But maybe they should pay more attention. The Chinese market is now Hollywood’s darling when it comes to ticket sales, and recent blockbusters Iron Man 3 and Looper both had extra footage for mainland viewers inserted into their Chinese releases. While American film companies might be taking these extensive measures, however, directors have also gone on record to say that such operations are still for the most part cosmetic. In other words, while movies may now be tweaked to appeal to Chinese viewers on a superficial level, the plots, stereotypes and film tropes that we’ve come to expect from Hollywood will remain intact – at least for now.

Pacific Rim is the perfect example of this phenomenon - a movie that's centered around the Pacific, but ultimately very American. Still, it's a small step in the right direction, and director Guillermo del Toro can only go up from here. In July, he began talking of ideas for the film’s inevitable sequel.

Maybe in Pacific Rim 2, they won’t kill off the Chinese guys so fast.

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fsk999
A wasted poll. 99% of the HK population are Chinese?
Dai Muff
Except they are not the first to die. Didn't you actually watch the movie? The monsters attack San Francisco and Manila first, so I guess you are turning a blind eye to thousands of American and Filipino deaths, and of the main characters the protagonist's brother dies even before the opening title comes up. He, in case you did not notice, is Caucasian. Chip on the shoulder much? The Chinese deaths actually come well after one hour in a movie that's only two hours long.
By the way, ever noticed the depictions of non-Chinese in Hong Kong and mainland Chinese movies? Every Western actor here is well used to being asked to play the evil/stupid/"ham-sup" foreigner".
clint.morris.31337
Hollywood is in America, a country founded by white people, and for a long time they were the most common race there. So the movie has white people in it- are you surprised? If this movie was made in China, it would probably have more chinese people in it, and those characters would be glorified in the same way. This is not a racially motivated attack, it's simple geography. To add, I don't see a lot of white (or black, or latino, or aboriginal) people in Chinese movies, and no is complaining.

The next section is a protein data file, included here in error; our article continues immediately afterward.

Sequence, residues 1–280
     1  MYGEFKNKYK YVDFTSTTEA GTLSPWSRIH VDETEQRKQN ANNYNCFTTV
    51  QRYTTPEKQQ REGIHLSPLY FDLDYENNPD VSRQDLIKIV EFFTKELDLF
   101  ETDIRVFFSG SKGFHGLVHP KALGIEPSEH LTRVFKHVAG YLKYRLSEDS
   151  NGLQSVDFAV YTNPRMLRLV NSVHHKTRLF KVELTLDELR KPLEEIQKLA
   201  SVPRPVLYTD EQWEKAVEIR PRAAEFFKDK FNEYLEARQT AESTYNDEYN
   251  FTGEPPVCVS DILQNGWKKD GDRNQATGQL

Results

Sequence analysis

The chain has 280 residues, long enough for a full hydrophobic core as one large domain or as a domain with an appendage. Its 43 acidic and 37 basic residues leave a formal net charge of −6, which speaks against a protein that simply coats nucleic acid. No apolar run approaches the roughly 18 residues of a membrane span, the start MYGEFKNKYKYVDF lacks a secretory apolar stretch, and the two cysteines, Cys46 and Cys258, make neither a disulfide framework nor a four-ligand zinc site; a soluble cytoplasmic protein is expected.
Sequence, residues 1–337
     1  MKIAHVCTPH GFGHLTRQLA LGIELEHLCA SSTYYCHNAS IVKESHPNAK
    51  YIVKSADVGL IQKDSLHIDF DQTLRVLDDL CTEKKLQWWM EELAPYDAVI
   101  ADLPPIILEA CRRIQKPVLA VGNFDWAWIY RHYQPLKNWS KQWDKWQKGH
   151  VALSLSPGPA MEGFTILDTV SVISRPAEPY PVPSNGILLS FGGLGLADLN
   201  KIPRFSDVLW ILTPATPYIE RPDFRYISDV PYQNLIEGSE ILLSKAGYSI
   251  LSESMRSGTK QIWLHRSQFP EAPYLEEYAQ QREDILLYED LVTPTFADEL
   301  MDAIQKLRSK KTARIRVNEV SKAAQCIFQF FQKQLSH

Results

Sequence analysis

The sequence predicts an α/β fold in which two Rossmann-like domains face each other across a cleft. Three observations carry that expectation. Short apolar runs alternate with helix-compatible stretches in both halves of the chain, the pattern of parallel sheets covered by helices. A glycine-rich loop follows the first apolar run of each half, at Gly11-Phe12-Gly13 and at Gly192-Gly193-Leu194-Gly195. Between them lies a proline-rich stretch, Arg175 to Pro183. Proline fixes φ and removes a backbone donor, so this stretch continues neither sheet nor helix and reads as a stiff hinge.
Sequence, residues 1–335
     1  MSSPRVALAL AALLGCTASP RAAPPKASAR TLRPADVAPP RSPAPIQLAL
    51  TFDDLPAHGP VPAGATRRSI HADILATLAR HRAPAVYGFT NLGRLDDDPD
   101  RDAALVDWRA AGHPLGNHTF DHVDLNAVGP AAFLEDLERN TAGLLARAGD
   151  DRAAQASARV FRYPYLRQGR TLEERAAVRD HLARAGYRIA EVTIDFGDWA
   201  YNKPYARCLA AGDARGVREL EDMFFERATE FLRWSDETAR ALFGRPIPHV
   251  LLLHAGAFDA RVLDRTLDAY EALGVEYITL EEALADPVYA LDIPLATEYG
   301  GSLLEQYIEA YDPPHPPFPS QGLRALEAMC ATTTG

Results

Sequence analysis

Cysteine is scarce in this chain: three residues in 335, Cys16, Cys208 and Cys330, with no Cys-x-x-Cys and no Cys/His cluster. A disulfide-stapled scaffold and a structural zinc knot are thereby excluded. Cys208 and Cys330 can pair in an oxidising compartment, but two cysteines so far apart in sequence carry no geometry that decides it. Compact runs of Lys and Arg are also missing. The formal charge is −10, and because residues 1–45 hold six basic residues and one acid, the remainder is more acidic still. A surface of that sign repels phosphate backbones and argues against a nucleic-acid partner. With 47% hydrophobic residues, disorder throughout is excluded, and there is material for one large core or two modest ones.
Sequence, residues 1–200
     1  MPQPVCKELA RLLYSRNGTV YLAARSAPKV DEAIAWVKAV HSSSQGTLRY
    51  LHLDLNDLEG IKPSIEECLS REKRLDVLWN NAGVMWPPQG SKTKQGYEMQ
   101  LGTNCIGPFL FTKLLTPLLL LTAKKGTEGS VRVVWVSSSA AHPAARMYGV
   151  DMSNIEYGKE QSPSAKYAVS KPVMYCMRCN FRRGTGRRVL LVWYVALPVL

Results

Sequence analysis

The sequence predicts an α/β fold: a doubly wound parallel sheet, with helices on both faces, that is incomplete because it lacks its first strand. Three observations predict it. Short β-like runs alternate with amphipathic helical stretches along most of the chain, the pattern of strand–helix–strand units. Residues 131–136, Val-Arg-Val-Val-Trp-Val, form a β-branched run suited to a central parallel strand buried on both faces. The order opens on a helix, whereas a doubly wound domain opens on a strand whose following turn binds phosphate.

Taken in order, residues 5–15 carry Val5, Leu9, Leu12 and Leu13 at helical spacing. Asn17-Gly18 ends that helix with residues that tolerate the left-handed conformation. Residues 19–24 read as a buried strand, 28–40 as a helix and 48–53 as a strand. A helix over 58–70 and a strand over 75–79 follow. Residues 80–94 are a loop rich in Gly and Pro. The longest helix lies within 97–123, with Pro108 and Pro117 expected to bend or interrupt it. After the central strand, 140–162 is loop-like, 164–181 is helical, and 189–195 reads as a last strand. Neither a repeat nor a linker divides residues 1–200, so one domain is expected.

markwhouston
I'm afraid Clint is correct with his statistics and thoughts on the issue. In fact, there are only 3,794,673 people, of Chinese origin, living in the United States, against 196,817,552 people of European ancestry, 26,735,713 White Hispanic or Latino Americans, 2,400,000 Native Americans and Alaska Natives and 42,020,743 African Americans.
Logically, as a business, like movie making in China (Where killing all them bad white guys is quite popular), choosing characters for a movie, requires choosing familiar faces and behaviors.
At the same time, lets also admit, that Chinese people are quite short in comparison to the average American and European, and short people have and will always, get kicked in the **** and killed more often than big guys with biceps the size of an elephant's trunk. I'm a short guy, and so, I'm speaking from experience.
****en.wikipedia.org/wiki/Overseas_Chinese
****en.wikipedia.org/wiki/White_American
****en.wikipedia.org/wiki/Race_and_ethnicity_in_the_United_States
****en.wikipedia.org/wiki/African_American
jeffines
Such a petty point to complain about the chinese dying first.
If you want to see a chinese lead - go watch a movie funded and made on the mainland
superdx
You could have criticised the movie for what it is but you turned it into a racial discussion, for which there was no need. Very disappointed. By the way, the main character's brother, who is white, dies first in the movie. Get it right. Sorry for spoilers everyone.
Dai Muff
Don't confuse him with truth. He seems not to have noticed that one.
carmeledwin
I will not read anything into it. It is just a movie and nothing else.
blake.c.dy
Why does Crimson Typhoon die first?
Answer A: They're Red Shirts (Star Trek fans will get this).
Answer B: Made in China.
lucifer
Because we are getting sick of seeing ythem as solving the world's peroblems and as the saviours of all.....these are consistent themes Hollywood has tried to use as a means for getting their movies into China. Actually, it might be betetr if Chinese ar ein no movies, then no controversies...